Being the proud owner of the TP-Link HS100 I look for the “item” on the already approved items, guess what? It’s not there. Lot’s of other smart stuff including the Wemo smart plug but I don’t want to go and have to buy another smart plug I already have one! A quick search on the Internet and sure enough I find a very cool script that can switch the TP-Link plug on and off. Using the very simple instructions I am able to run the script and turn the light on then off and query it’s status to know if the plug is on or off (this could be useful later).  OK, that was easy now all I have to do is install the exec binding (the one that lets you run any script) and we should be good right? I went into the paper UI and installed the exec binding. Back in the UI under edit bindings there is no sign of the exec binding. OK, no problem, I will just add the switch (script) and that will work. Um, how do I do that? There is apparently no easy way to add an item or site map for that matter. I had to go and research a site map and how that works then how to add an item. Fortunately the forums are full of questions like that and there is a lot of info on github. The only issue you run into is that a lot of the information out there pertains to Openhab 1 not 2 but I finally managed to get through all of that and came up with a starter site map, an item and the script to work it. I added all of it to the relevant places in /etc/openhab restarted Openhab and went into the paper UI to see where my sitemap was.  There was no sign of any of it and no evidence that anything showed up in any of the logs. My sitemap is called default.sitemap and according to the documentation that should be the one loaded but it wasn’t. I tried using the url and including the sitemap name but that didn’t load it either. I read there is a way in the basic UI to select a sitemap. I tried that and finally found my sitemap, after a couple of tweaks I was able to access the switch and turn the living room light on and off. – Now that’s progress!

This is where I am now, I need to research the Echo link so I can have Alexa do what she can already do but then we have opened the door to be able to do a lot more. I will update the blog when I have more. In the meantime I am going to document exactly how I set this up here so I can replicate it on another machine.


I have continued down the path with home automation. I am getting more familiar with openHAB2 which in itself is a dynamic ever growing system. After getting the first plug to work I added two others, these were different make and model but worked in the same way. Very simple on and off using a script to drive them. So far so goo. Then I wanted to automate some light switches. In order to do that the easiest route is to replace the in-wall switch with a zwave switch.

Of course to use zwave at all you must have a zwave controller device. I looked on ebay and found a controller switch that I thought was compatible, it turned out that the device was not compatible and so I had to look for another device  (sigh). I found the Aeon Labs DSA02203-ZWUS Z-Stick which is a popular device among openHAB users. Once I bought this device I could set up a zwave network.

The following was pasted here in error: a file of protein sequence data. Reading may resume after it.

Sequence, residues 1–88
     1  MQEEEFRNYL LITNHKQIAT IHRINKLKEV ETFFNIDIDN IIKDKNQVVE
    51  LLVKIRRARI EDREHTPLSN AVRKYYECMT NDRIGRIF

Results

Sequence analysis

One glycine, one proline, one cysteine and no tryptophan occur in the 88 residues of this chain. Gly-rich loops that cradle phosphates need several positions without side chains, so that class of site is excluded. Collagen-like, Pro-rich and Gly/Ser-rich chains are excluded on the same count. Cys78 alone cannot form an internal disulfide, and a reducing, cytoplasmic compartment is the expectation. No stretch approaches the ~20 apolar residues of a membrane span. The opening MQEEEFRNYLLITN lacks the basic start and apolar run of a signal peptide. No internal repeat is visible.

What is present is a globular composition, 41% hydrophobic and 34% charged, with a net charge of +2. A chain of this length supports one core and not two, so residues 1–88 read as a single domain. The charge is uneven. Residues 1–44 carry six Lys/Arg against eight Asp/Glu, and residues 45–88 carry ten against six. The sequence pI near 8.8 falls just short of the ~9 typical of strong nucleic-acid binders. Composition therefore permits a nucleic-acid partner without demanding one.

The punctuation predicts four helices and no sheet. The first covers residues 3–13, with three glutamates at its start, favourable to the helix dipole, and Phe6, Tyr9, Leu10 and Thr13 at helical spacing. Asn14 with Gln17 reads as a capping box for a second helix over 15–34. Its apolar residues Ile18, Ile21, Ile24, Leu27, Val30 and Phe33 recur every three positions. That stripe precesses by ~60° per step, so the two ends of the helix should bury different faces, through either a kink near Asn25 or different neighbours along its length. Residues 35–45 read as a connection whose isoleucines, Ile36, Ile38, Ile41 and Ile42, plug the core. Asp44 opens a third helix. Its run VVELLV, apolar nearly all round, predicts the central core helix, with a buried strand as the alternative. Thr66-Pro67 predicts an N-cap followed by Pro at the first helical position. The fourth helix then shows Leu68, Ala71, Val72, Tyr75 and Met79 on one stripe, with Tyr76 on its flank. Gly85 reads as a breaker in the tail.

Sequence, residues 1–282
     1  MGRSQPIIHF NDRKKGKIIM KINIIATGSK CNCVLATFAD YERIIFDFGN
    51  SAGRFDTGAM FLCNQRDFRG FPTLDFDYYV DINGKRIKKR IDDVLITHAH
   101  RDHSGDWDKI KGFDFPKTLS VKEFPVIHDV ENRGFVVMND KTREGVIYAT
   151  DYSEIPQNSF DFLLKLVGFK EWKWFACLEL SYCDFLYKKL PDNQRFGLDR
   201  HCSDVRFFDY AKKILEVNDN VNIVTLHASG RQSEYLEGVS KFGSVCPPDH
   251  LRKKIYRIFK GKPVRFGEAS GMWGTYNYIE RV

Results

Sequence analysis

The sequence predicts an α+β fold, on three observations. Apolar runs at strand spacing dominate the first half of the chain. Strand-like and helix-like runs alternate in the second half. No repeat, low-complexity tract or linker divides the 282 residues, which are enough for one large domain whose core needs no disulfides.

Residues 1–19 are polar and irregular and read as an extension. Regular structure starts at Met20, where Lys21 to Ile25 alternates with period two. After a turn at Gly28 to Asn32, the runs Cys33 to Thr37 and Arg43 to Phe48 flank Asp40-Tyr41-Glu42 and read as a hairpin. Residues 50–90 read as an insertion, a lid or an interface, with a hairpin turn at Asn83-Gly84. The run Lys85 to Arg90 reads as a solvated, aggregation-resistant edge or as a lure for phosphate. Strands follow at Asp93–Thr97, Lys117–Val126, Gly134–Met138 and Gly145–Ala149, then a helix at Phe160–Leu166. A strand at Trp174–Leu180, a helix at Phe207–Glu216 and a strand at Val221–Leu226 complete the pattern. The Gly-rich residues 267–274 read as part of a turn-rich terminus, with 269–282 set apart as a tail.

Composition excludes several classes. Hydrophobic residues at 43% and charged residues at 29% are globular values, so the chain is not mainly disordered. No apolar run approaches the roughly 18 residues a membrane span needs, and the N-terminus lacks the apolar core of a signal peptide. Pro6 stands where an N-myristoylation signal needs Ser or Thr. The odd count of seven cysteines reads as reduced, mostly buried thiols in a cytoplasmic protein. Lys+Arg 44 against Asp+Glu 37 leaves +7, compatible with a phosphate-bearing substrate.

I looked on-line and found that the Zooz dimmer switches were a good value. I bought my first one and wired it into the wall. You have to ensure that you have neutral wire in the wall or you will not be able to use the switch. Fortunately I did, so I was off to the races, or so I thought. The first road block was that the Zooz switch was not recognized. openHAB has a database of devices and if your device is not in there it won’t recognize it. The database is required to describe to the controller what the capabilities are of the zwave item. Eventually I was able to get the Zooz device added to the database, got the controller to recognize it using HABmin and sure enough I could then expose the switch to Alexa and say “Alexa turn off the dining table light” – This worked so well that I bought another switch for the kitchen lights and did the same thing. As it was already in the database this worked straight away. Once you have a few devices working with your home automation the fun can begin.

openHAB2 has an http binding that allows you to send http requests to devices that understand them. Well, the Roku is one such device, so with careful setup I was able to get the Roku working and then I purchased a Harmony Hub to work my IR devices (TV, Tuner etc,). Now with one simple sentence, “Alexa turn on Movie Time” I can turn off the lights, turn on the TV, the tuner and tune the Roku to PSVue ready to watch a movie/tv. – Very cool.

In addition to all of the other things, I have been able to install and configure a zwave thermostat so now Alexa can turn on the heat/cooling, home today, or vacation mode. One point to note, anyone can ask Alexa to do this, “oh the security concern” I hear you say. Well, think back to before Alexa could control this anyone in my house could turn on the lights, the TV or the heat. I like being able to have Alexa do all this stuff for me and some of it automated based on time, or the elevation of the sun, or whether someone is home or not.

I intend to keep automating and have Alexa do as many chores as she can. I wish she could control our robot vacuums but they just don’t speak network yet 😉